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Choice takes on mentor role

Georgia Tech notebook

POSTED: November 19, 2007 5:03 a.m.

ATLANTA — The first word Jonathan Dwyer used to describe Tashard Choice as a mentor was a surprise:

"Comical."

Dwyer, Georgia Tech’s freshman tailback, says he understands more about game plans and blocking schemes late in the season, in part due to tips from Choice.

"One thing I had to learn was just be patient and follow my blockers," Dwyer said, adding that "understanding everything ... is a lot easier than it was at the beginning of the season."

Dwyer credited Georgia Tech’s coaches and "the mentorship of Choice and all the other guys who have been helping me out through this whole process."

Choice is intense, vocal, upbeat and tough in practice and games. He has played through hamstring and knee injuries while posting his second straight 1,000-yard season.

Tech players have said since the spring that Choice is a leader on the team. But what is the senior like as a mentor?

"It’s comical," Dwyer said. "It’s fun. It’s a fun mentorship. He helps me out. He’s my big brother. He helps me with anything I need, not just on the field. He gives me advice. On the field he tells me what I miss and what’s going to happen."

Dwyer said Choice is "pretty much another coach, you could say."

Comical?

"Choice is a funny guy," Dwyer said. "He always makes us laugh in meetings. He keeps everything upbeat and keeps it fun."

Choice confirmed he uses humor to help keep running backs meetings loose.

"It’s all because we get along," he said. "I get along with everybody but I love football so I’m happy when I’m around here, so I laugh and joke all the time."

Choice said he has talked with Dwyer about improving ‘little things’ in the game.

"A lot of little things, but mainly footwork," Choice said. "He has a lot of talent, but to be a good running back you’ve got to do the little things to make the game so much easier. He has the ability. It’s just taking time and getting the reps."

Coach Chan Gailey turned to sophomore Jamaal Evans as the starter when Choice missed one game following knee surgery, but Dwyer could be the favorite to succeed Choice as the team’s starter next season.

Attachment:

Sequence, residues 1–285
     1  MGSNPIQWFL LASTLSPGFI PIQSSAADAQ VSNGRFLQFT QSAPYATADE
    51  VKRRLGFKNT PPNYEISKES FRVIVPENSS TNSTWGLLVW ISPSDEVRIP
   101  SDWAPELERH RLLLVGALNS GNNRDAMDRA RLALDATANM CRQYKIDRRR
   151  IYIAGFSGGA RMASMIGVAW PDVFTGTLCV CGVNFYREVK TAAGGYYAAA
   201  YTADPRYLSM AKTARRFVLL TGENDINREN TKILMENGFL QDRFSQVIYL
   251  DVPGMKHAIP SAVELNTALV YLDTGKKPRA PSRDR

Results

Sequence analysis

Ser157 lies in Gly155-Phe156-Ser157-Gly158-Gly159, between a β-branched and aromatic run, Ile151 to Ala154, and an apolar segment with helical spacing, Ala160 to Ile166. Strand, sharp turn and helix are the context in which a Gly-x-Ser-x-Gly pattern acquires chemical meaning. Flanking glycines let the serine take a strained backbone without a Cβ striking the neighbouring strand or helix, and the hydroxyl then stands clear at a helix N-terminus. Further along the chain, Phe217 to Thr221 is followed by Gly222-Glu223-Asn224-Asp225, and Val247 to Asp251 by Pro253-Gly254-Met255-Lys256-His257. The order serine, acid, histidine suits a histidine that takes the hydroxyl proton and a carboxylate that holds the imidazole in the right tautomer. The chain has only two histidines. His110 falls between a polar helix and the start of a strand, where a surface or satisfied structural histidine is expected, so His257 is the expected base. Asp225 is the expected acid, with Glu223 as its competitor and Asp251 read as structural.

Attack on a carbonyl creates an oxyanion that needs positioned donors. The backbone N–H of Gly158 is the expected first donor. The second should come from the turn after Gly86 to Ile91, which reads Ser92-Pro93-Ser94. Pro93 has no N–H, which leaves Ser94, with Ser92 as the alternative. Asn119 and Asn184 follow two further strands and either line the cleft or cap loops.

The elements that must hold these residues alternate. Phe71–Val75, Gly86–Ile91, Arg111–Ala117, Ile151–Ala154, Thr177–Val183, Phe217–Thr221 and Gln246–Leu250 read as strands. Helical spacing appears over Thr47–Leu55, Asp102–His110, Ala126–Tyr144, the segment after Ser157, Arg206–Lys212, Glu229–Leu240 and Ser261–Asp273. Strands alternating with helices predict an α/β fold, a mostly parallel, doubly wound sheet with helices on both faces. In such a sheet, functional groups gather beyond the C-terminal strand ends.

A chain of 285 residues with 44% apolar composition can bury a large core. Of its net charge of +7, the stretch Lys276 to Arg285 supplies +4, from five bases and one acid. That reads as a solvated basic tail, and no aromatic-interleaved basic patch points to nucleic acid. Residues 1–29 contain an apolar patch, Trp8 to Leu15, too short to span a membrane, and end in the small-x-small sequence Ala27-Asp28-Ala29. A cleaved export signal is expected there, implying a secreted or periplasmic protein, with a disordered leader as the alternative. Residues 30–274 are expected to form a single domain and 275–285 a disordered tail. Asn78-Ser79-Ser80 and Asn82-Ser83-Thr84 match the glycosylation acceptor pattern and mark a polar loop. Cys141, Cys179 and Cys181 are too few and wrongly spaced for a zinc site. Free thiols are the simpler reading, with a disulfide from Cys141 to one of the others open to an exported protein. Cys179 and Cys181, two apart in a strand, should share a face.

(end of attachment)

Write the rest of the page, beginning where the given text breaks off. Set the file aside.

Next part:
Dwyer has rushed for seven touchdowns, only two behind Choice, to rank 10th in the Atlantic Coast Conference. He rushed for 138 yards and three touchdowns in a runaway win over Samford on Sept. 8. He is averaging 5.5 yards per carry and even with Choice receiving the large majority of the carries, Dwyer ranks has 372 yards rushing to rank 15th in the ACC.

Safety Djay Jones said Dwyer has been a serious apprentice.

"He listens," Jones said. "That’s one thing I can really tell. He listens. He rarely makes the same mistake twice. He’s going to be a great player."

Choice said he "absolutely" wants to make sure he helps keep Tech’s running game strong in 2008.

"Jonathan has a chance to learn things, and Jamaal," Choice said. "They can see how I changed from when I first came to Tech and how I run the ball now. It’s because I wasn’t smart enough to pick up little things and how easy it is to pick up yards when you know what’s going on on the field."

Low-scoring game?

Georgia Tech has averaged more than 45 points in three nonconference games against Notre Dame, Samford and Army, but it ranks 11th with its average of 19 points in its seven ACC games. North Carolina is 10th at 19.3 points per game, perhaps creating a favorable matchup for Tech’s defense.

Tech shut out the Tar Heels 7-0 last season, and this could be another low-scoring game.

Tech’s defense would love another shutout.

"Total domination. I think that’s one thing this defense needs right now," Jones said. "We’re out there making big plays and I feel like if we can pitch a shutout it would make us feel that much better, especially going into the UGA game."

Tech plays host to Georgia on Nov. 24.

In ACC games, Tech is fourth in the conference in yards (328.9) and points (21.1) allowed per game. The Yellow Jackets’ top defensive game was a 13-3 win over Clemson on Sept. 29. Tech beat Miami 17-14, but the Yellow Jackets have allowed at least 24 points in each of their other five conference games.

"We need a shutout," Jones said. "We feel we will get a shutout sooner or later."

More on Choice

Choice is in great position to become the first Georgia Tech player to lead the ACC in rushing in back-to-back years, and the first player from any school since Virginia’s Thomas Jones in 1998-99.

Choice is averaging 114.9 yards per game. Clemson’s James Davis is second at 86.0.

The only other ACC players to lead the league in rushing two straight years: North Carolina’s Ethan Horton (1983-84); Maryland Charlie Wysocki (1979-80); North Carolina’s Mike Voight (1975-76); North Carolina’s Don McCauley (1969-70) and Clemson’s Buddy Gore (1966-67).



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